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Watch thy neighbour

Sukumar Muralidharan | Updated on July 10, 2020 Published on July 09, 2020

Let’s do this together: Many believe that India should build a collective resistance, with strategic overtures towards China’s restive neighbours such as Taiwan, Vietnam and South Korea   -  PTI/ SWAPAN MAHAPATRA

Military tactics aside, India’s response to the Galwan face-off with China could lead to economic and diplomatic ripples in the region

* Taiwan’s official government website proudly declares that it today is “one of the biggest investors in China”. And the figures are substantial

* For India, confronting Chinese military might is a forbidding prospect

* Nepal’s defiance in publishing a map asserting its own territorial claim drew the disdain of India’s strategic commentariat

In global strategic circles, India’s recent border clashes with China in eastern Ladakh have been read as signal that it has chosen sides in the “New Cold War”. The aftermath in India, particularly after the mid-June clash in which 20 soldiers were killed, was the familiar frisson of overheated rhetoric and confused and contrary claims.

India has since moved substantial military formations into defensive positions along the Line of Actual Control with China, but deployment into more aggressive postures is seen to involve unacceptable risks. Meanwhile, strategic analysts and media commentators have proposed a variety of economic and diplomatic counter-measures.

Among the options rather demonstratively urged in street protests and noisy prime-time cacophonies is a business and consumer boycott of China. Alongside, India is urged to organise a collective resistance, with strategic overtures towards China’s restive neighbours, such as Taiwan, Vietnam and South Korea. Bonding with Taiwan, which China perceives as a “renegade province”, could prove particularly fruitful, since it is guaranteed to raise hackles on the other side.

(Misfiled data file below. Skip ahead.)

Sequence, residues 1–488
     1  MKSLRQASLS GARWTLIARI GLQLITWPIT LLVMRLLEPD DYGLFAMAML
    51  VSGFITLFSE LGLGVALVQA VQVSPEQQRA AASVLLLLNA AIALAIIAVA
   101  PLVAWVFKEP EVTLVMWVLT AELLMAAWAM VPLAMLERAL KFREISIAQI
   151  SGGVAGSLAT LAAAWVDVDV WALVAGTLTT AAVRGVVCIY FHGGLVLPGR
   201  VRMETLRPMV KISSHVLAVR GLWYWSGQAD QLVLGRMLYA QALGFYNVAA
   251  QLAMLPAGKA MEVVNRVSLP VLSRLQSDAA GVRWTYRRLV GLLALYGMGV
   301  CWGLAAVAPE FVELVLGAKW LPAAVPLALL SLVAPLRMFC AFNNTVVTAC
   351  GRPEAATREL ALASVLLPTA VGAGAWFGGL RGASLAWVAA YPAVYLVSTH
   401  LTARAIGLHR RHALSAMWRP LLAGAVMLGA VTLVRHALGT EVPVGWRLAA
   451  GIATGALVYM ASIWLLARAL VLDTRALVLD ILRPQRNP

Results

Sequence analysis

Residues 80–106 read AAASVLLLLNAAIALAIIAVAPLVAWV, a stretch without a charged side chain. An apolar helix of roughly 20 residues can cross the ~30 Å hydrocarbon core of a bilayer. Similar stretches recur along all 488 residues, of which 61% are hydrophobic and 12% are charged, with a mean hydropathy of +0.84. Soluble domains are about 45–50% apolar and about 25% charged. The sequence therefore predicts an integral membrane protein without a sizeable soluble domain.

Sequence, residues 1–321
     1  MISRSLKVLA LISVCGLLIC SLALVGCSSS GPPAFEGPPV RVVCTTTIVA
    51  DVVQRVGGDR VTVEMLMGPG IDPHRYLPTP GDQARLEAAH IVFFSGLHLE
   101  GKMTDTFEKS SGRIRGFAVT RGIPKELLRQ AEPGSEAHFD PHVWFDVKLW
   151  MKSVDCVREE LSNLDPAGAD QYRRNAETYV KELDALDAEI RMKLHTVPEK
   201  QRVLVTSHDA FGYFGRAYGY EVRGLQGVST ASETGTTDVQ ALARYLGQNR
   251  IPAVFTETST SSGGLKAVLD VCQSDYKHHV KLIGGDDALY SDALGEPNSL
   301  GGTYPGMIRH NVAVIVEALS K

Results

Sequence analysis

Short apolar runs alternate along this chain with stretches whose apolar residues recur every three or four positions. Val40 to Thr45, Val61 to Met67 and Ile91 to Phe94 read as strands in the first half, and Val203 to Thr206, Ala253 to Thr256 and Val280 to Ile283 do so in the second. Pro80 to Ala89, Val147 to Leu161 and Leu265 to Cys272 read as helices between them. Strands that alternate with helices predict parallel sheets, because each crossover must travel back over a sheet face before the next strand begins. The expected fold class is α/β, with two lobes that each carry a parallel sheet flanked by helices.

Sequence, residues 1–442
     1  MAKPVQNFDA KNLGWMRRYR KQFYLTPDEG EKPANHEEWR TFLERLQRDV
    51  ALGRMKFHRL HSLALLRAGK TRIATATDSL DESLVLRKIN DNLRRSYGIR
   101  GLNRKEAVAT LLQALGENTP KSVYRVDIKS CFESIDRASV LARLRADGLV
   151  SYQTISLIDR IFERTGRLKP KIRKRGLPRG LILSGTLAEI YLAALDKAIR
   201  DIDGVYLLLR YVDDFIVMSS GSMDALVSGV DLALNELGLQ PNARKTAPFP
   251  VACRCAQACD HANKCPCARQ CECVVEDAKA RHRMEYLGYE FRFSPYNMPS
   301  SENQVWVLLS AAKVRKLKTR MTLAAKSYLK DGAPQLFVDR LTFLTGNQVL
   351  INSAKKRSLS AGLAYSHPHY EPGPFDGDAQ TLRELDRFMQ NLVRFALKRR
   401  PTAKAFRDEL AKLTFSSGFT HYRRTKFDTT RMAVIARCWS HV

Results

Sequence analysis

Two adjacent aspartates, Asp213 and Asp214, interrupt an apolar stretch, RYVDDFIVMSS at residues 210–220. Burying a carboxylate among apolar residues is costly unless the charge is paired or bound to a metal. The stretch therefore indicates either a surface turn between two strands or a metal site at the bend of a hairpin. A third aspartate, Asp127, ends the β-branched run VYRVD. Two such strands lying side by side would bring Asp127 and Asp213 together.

India’s propositioning of Taiwan for an alliance would seem rather ironic. In comparison to India’s disputes with China, which are about mostly uninhabited territories peripheral to their vast land-masses, the issue between Taiwan and China is little less than existential. Both countries claim the entirety of the other as part of its sovereign territory. And despite being decidedly the weaker side in this dispute, Taiwan has not hesitated to follow a strategy of vigorous economic engagement with China.

Taiwan’s official government website proudly declares that it today is “one of the biggest investors in China”. And the figures are substantial. Between 1991 and the end of February 2019, the volume of “approved investment” from Taiwan in China involved over 43,000 specific cases with a total value of over $183 billion. The value of trade between the two countries in 2018 was $150.5 billion. And over the year, travellers from China “made 2.66 million visits to Taiwan”.